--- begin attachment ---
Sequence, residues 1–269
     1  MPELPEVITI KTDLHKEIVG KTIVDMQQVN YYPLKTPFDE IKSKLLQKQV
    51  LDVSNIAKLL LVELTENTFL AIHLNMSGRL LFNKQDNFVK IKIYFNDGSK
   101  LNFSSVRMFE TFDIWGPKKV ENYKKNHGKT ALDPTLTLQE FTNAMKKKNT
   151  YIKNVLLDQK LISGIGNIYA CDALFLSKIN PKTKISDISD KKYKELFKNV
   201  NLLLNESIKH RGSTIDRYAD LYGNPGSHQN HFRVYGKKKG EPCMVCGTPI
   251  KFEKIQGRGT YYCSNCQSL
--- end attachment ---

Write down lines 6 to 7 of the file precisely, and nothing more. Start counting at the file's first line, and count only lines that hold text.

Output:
   201  NLLLNESIKH RGSTIDRYAD LYGNPGSHQN HFRVYGKKKG EPCMVCGTPI
   251  KFEKIQGRGT YYCSNCQSL